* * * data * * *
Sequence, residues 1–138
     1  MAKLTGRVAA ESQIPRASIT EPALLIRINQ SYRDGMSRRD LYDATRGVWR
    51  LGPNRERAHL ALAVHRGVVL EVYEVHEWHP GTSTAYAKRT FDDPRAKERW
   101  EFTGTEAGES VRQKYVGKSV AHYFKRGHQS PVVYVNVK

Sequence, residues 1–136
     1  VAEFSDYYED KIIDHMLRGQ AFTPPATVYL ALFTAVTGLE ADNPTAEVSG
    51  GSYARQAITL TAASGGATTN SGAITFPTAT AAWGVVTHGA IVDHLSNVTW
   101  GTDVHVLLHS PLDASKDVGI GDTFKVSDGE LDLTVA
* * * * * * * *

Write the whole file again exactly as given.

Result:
Sequence, residues 1–138
     1  MAKLTGRVAA ESQIPRASIT EPALLIRINQ SYRDGMSRRD LYDATRGVWR
    51  LGPNRERAHL ALAVHRGVVL EVYEVHEWHP GTSTAYAKRT FDDPRAKERW
   101  EFTGTEAGES VRQKYVGKSV AHYFKRGHQS PVVYVNVK

Sequence, residues 1–136
     1  VAEFSDYYED KIIDHMLRGQ AFTPPATVYL ALFTAVTGLE ADNPTAEVSG
    51  GSYARQAITL TAASGGATTN SGAITFPTAT AAWGVVTHGA IVDHLSNVTW
   101  GTDVHVLLHS PLDASKDVGI GDTFKVSDGE LDLTVA